Defendants' search produced approximately 2500 potentially responsive documents. These documents were referred to their originating agencies, who determined whether they were in fact responsive, and if so, whether they could be disclosed. Many of the documents that were ultimately found to be responsive were disclosed in full to plaintiff. They are not the subject of this litigation. Many other documents were either withheld in part or in full. Plaintiff seeks the assistance of this Court in compelling disclosure of those withheld documents.

 The DOS contends that it has located no documents responsive to item 4. In 1990, plaintiff sought discovery concerning the nature and scope of DOS's search, and sought documents which had been considered in that search. This court granted defendants a protective order, holding that "discovery is only proper in a Freedom of Information Act case after the defendant has had an opportunity to submit its justification for withholding documents responsive to a FOIA request by a dispositive motion." May 9, 1990 Order.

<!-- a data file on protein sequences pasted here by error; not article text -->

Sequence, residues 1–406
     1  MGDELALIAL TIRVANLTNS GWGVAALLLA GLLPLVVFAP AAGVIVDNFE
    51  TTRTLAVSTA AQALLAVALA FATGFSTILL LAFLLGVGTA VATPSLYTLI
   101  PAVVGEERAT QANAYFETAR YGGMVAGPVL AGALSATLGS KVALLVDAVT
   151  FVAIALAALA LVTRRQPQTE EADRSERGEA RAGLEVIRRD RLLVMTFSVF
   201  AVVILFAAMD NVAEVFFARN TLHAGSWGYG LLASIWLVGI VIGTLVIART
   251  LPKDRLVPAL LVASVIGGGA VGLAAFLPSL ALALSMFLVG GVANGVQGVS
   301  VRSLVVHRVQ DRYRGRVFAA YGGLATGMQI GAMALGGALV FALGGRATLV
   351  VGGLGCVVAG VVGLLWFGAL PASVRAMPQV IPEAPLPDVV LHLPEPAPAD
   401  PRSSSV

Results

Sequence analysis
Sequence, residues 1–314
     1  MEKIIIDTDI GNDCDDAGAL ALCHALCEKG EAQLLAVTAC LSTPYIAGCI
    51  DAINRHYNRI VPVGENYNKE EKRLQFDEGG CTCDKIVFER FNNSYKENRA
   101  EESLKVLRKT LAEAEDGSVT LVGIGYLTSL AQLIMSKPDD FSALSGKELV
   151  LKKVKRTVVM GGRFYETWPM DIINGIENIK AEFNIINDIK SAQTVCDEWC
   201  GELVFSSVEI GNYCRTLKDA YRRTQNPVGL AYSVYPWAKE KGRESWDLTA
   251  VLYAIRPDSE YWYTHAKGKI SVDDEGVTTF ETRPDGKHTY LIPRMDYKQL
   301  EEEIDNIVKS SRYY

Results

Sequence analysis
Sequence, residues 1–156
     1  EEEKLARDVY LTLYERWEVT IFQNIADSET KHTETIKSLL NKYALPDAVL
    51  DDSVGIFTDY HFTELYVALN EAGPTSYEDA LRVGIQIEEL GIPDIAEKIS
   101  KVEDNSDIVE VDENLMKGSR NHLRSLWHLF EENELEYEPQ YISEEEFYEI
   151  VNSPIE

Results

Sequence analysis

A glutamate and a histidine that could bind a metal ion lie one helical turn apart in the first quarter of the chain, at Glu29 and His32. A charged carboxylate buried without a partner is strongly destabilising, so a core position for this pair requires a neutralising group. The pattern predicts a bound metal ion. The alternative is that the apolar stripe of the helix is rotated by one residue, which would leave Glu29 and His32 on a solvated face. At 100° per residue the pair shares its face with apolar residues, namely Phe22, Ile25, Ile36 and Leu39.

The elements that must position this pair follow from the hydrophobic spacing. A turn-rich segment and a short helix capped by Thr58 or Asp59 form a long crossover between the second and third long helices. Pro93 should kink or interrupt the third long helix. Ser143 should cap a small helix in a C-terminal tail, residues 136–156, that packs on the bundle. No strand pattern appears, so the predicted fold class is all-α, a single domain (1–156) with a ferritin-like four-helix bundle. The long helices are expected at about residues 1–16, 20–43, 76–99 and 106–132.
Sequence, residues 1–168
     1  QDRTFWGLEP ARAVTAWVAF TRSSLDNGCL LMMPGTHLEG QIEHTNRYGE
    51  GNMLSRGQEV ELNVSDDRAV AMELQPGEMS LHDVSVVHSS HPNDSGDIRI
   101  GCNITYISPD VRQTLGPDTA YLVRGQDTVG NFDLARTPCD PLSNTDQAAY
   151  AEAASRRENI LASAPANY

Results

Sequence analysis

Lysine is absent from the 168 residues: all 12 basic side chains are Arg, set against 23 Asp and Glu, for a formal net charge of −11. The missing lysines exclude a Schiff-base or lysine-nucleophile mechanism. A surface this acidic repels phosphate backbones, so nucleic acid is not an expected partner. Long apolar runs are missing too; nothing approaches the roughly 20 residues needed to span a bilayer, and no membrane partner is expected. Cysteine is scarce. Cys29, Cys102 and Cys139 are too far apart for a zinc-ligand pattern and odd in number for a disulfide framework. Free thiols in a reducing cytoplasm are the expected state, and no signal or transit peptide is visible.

Upon stipulation of the parties, plaintiffs selected a sample of the 669 documents withheld by the DOS and the 851 documents withheld by the Arms Control Disarmament Agency (ACDA). Defendants were required to produce Vaughn indexes (descriptions of the withheld documents and justifications for their withholding) for those documents. Defendants have submitted those Vaughn indexes, which they claim explain why the documents were properly withheld under exceptions to FOIA. Based upon those indexes, DOS seeks summary judgment that it properly withheld the documents under FOIA exceptions 1 (classified information/national security), 3 (disclosure statutorily barred), and 5 (privileged information). 5 U.S.C. §§ 552(b)(1), (3) and (5). Only documents withheld under exceptions 1 and 5 are at issue in the present motion.



 As a preliminary matter, defendants move to dismiss James Baker, Secretary of State, and Peter Sheils, Chief, Information Access Branch, Department of State, from the suit. They allege, correctly, that under the FOIA, only agencies are proper parties to FOIA actions. 5 U.S.C. § 552(a)(4)(B). Plaintiff does not oppose this motion, and we GRANT this motion and dismiss these defendants.